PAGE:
Expanding To-Go Beverage Service Permanently: What to Know

Will Kreznick

Will this COVID lifeline for restaurants stick around? After COVID-19 changed the world, stay at home orders and safety precautions decimated the restaurant industry. Governors across almost all 50 states, including Florida, issued emergency executive orders changing the status-quo of the treatment of “to-go beverages.” To-go service is alcohol and/or […]

Will this COVID lifeline for restaurants stick around?

After COVID-19 changed the world, stay at home orders and safety precautions decimated the restaurant industry. Governors across almost all 50 states, including Florida, issued emergency executive orders changing the status-quo of the treatment of “to-go beverages.” To-go service is alcohol and/or wine-based mixed drinks prepared by the establishment that are served off-premises. These measures, while initially designed as temporary relief, have begun to take permanent form all over the country, with overwhelming bipartisan support. Florida’s Bill 148 was signed into law by Governor Ron DeSantis on May 13, 2021, and takes effect July 1, 2021.

“Governor DeSantis’ emergency order that allowed restaurants to sell alcohol to-go during the darkest days of the pandemic shutdown was crucial to helping us stay open,” explains Greg Richie, executive chef and owner of Soco Thornton Park in Florida. “When bars were extended the same option, we began to sell considerably less drinks to-go. Going forward, I don’t see it being a major source of income for us, as most people want the full experience of seeing and hearing their cocktail being made while they’re enjoying the vibe of Soco. Every little bit counts though, and it’s definitely still a great option if you’re spending time with friends at home and want to serve them your favorite local restaurant’s cocktails.”

The Bill alters existing law, allowing the sale or delivery of wine-based and liquor-based beverages prepared by the eligible establishments in sealed containers. The law excludes the sale or delivery of a manufactured bottle of distilled liquor. The new law comes with very specific caveats. The “to-go” beverage must be accompanied by a food order and a dated receipt detailing the food and beverage sale. Sale or delivery of such beverages must conclude at the end of the establishment’s food service. When the beverage is transported by vehicle, it must be in a locked compartment or area behind the last upright seat.  It may only be delivered by someone who is 21 or older and the vendor must verify and document the legal age of the recipient.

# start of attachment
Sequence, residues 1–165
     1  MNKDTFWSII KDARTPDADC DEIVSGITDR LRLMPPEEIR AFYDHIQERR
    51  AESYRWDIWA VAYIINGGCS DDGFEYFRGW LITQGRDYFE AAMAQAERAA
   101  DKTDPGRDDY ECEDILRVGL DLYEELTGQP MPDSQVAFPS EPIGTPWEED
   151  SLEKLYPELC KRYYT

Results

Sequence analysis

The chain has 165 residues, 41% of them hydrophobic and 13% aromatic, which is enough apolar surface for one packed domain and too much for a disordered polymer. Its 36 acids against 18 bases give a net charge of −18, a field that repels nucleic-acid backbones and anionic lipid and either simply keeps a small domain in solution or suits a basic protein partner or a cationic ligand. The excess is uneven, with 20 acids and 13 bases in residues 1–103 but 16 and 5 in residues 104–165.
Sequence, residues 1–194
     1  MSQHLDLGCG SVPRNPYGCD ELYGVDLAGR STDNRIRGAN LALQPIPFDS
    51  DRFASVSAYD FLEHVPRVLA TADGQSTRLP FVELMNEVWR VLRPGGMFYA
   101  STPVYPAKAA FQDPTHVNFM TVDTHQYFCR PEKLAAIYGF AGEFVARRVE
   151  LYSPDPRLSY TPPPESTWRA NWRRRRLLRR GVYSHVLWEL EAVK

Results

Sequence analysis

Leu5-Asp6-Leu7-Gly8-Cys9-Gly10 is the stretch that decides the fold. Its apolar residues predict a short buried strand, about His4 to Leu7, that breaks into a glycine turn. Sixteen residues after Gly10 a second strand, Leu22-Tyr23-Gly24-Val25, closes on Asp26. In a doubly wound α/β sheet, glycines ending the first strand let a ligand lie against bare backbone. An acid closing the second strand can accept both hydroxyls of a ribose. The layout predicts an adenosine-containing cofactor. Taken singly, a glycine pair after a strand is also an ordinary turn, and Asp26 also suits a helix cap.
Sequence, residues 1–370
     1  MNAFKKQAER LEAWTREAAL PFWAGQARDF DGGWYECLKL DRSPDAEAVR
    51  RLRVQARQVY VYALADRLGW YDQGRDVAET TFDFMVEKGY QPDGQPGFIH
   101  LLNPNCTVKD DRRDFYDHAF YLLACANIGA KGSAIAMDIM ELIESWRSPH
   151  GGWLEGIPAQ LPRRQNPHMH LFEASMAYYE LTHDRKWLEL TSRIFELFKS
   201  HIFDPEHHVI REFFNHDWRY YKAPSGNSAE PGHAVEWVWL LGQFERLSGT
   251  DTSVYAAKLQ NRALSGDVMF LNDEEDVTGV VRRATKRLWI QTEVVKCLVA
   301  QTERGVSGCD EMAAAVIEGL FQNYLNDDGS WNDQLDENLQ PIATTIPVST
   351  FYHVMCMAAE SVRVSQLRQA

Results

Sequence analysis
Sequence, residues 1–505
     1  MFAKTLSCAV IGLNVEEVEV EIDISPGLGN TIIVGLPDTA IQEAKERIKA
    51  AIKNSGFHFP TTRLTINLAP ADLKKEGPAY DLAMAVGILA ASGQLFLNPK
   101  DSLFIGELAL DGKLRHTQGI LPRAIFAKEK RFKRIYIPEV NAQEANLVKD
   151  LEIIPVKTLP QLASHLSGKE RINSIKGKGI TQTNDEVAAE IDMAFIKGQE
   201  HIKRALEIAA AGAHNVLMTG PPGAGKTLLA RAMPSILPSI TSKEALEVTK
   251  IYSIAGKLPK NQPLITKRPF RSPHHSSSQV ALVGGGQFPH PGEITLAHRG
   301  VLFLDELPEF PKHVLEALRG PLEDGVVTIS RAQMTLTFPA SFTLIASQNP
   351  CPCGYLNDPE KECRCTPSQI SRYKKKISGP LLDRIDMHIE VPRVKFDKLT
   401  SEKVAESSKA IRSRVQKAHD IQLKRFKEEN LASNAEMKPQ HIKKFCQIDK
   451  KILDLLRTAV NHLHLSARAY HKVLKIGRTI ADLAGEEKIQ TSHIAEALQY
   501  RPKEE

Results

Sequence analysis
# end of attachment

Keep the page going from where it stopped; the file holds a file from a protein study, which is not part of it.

Most restaurant and hospitality industry advocates applaud the law and its flexible and transformative approach to the nations “new normal.” Small and fast-service restaurants should give particular attention to the eligibility requirements, which some critics argue, favors larger scale restaurants. In order to be eligible to serve these “to-go” beverages, restaurants must:

  • Have at least 2,500 square feet of dining area;
  • Be equipped to serve 150 persons at one time; and
  • Derive at least 51 percent of its gross food and beverage revenue from the sale of food and non-alcoholic beverages.

The 2,500 square feet must be in a permanently covered area of the premises where food service is available at all times of operations. This space may include floor space in an outdoor seating area if the area is included the licensed premises sketch equipped with a rain-excluding cover and suitable for the service of meals at all times.

Even if eligible, restaurants should examine the potential liability issues that may come with to-go beverage service. First, it is important to consult with their general liability insurer to examine the scope of coverage, the need, if any, for the expansion of coverage or addition of applicable riders for the sale and delivery of alcoholic beverages.

Restaurants who create their own “to-go” beverages under the terms of the new law should consider food and beverage safety principles and associated liability issues, including allergen and ingredient warnings, labeling regulations, food contamination and sanitization standards, and storage and transport standards. 

After determining whether the small and /or fast service establishment is eligible to serve these beverages and exploring associated liability concerns, restaurants should develop policies and procedures for training and documentation of compliance with the law as well as food and beverage standards. Also, participating establishments considering the use of third party delivery services should evaluate independent contractor, agency, and vicariously liability implications and develop a clear understanding of where liability falls.

Jennifer Smith Thomas, partner at RumbergerKirk in Orlando, practices premises and general liability litigation, particularly in the restaurant and hospitality industry. She can be reached at 407.872.7300, or [email protected]

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